How To Destroy Debt Like It’s Your Job – Part 2

destroy your debtWelcome back to Part 2 of How To Destroy Debt Like It’s Your Job. In case you missed Part 1 of Destroying Your Debt, we talked about finding out about all of your debt and investigating why you got into debt in the first place. Now that you have those answers, we can move on to the next step in destroying your debt.

Two Main Methods of Destroying Debt

Today it seems there are two popular ways to tear your debt to pieces. The first method is called the Debt Snowball and the second method is called the Debt Avalanche. Why they both involve snow is beyond me but I guess the metaphor does work. I think there are more creative names you could come up with, but we’re not here to debate the names of the methods.

The Debt Snowball

Debt SnowballThe Debt Snowball is often considered the best way to pay off debt from a psychological standpoint. The logical people will try to dissuade you from using this method because you’ll pay a bit more using this method than if you used the Debt Avalanche, but you need to do what works best for you. So what is the Debt Snowball?

When you use the Debt Snowball method to destroy your debt, you need to arrange your loans by the balance owed on them from smallest balance to largest balance. Why? You’ll find out!

You’ll need to make the minimum payment on all of your debt payments. The key is what you do with all of the extra money you’ll be putting toward your debt to destroy it. The point of the Debt Snowball is to take all of that extra money (your Snowball) and put it toward paying off the loan with the smallest balance. This will result in you paying off one small piece very quickly and that will put a big win in your column.

It should also give you some great momentum to knock out your next smallest piece of debt. Now that your first piece of debt is paid off, you’ll continue putting all of the extra money toward your next smallest loan balance ALONG WITH the minimum payment from the debt you already paid off. This will increase the size of your snowball and allow you to pay off your next loan quicker!

The Debt Avalanche

Debt AvalancheAs you might have figured out, the Debt Snowball is not the most financially ideal way to pay off debt. By paying off the smallest balance first, you won’t be paying any attention to interest rates which determines how fast your debt grows.

The Debt Avalanche fixes this problem by using your extra payments to pay off the highest interest rate loan first. It may take you longer to pay off your first loan, but you’ll be minimizing the interest payments on your debt as you pay it off and saving a bit of money in the process. This method generally works out better for logical people who don’t need the emotional early wins of the Debt Snowball method.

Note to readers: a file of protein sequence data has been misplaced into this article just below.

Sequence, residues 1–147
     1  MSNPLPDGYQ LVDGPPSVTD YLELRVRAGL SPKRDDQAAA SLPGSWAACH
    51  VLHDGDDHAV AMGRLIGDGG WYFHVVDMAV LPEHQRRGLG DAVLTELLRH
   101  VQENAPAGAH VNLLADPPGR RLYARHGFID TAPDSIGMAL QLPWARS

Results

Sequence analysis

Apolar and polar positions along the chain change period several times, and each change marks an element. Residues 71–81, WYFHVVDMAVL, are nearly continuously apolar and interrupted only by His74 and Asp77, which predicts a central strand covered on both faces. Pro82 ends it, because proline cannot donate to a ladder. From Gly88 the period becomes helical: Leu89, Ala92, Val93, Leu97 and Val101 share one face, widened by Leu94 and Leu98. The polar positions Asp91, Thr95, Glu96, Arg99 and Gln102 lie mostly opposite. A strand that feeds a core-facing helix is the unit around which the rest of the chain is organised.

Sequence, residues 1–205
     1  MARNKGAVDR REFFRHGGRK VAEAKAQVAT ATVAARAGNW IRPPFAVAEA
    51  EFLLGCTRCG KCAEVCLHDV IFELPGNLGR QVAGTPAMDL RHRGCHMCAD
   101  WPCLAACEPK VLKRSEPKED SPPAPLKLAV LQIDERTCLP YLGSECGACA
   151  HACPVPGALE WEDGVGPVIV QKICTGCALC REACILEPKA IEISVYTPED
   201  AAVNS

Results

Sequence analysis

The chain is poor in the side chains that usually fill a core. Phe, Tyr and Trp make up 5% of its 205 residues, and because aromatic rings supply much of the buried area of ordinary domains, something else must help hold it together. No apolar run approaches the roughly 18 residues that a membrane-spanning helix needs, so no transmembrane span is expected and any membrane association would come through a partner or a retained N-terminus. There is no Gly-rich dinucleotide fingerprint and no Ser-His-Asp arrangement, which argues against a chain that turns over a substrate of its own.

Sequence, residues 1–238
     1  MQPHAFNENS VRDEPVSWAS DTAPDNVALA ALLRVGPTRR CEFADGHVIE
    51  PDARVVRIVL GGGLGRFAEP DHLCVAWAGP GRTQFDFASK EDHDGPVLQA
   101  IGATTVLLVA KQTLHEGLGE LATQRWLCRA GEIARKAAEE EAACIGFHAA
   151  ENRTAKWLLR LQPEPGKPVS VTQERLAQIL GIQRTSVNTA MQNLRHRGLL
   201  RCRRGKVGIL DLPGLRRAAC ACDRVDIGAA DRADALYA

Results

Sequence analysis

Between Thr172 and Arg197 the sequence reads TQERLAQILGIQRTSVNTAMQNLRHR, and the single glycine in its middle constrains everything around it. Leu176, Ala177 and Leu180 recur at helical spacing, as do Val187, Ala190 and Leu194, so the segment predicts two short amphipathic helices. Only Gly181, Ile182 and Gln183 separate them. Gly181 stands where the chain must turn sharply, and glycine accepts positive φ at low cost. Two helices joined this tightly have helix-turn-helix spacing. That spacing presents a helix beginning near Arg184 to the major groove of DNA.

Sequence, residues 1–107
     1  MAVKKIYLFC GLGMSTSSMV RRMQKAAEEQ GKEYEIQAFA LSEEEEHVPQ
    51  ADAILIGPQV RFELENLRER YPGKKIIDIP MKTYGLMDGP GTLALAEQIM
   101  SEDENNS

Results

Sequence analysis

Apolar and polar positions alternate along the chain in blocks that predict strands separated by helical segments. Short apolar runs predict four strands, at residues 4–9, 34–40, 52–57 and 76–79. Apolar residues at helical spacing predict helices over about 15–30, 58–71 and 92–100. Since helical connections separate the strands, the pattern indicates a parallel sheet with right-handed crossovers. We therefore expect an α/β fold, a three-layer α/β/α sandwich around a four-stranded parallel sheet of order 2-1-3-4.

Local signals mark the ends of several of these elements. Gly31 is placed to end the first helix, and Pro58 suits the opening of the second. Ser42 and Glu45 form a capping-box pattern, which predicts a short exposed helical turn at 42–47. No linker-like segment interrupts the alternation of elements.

Your Debt Avalanche will get larger as you pay off each loan. Simply take the minimum payments of each loan you pay off and roll it into your next highest interest rate debt payment, just like the Debt Snowball.

The Key Debt Destruction

The key is to get your debt paid off. You can use either method, the Debt Snowball or the Debt Avalanche. Don’t like playing with snow? Call it something else, I don’t care. Pick whichever works for you. If neither of these methods work for you, make your own method! Just get that debt paid off. 

Which debt payoff method do you prefer? I personally pick the Debt Avalanche method. Are you still paying off debt? We are!

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About Lance Cothern

Lance Cothern, a Certified Public Accountant (CPA) licensed in the Commonwealth of Virginia, is the founder of Money Manifesto. You can read more about him here or connect with him on Facebook, Twitter, Google+ or Pinterest.

Comments

  1. Reducing debt is like losing weight, we want results fast! I think it is always best to attack the highest interest first. The more you can pay down the quicker you can results.

  2. Stephen says:

    Still paying off the house, two years to go if all goes well. You know how life is!

    I generally tackle debt with a different priority: Its relation to reducing the total of all monthly expenses, not just debt. A reduction in expenses sooner than later gets the priority. For instance, I spent $1200 insulating my house rather than putting it in the mortgage or car loan. Doing so offered an almost immediate and significant reduction in expenses, and it pays for itself quickly. Likewise, I paid off my car loan before my mortgage even though the mortgage is 5% instead of the car’s 2.9% because I could get the car payment out of my budget much sooner than the mortgage.

    The same priority is even reflected in the loans themselves. I took a 30 year mortgage and a 72 month car loan, both at more costly rates than their shorter term counterparts so they had low payments. I had no intention of keeping the loans that long, but the low payments were there if I needed them. The car was paid in a little over a year, the mortgage should be paid in 4 years of origination.

    I don’t argue it to be the best approach, it’s just what is right for me. Having less due equates to less stress for me. My savings are going to stretch that much farther should the need arise. How many single parents could lose their job tomorrow and still pay their bills and feed their children on nothing but unemployment, and not touch their savings? I could!

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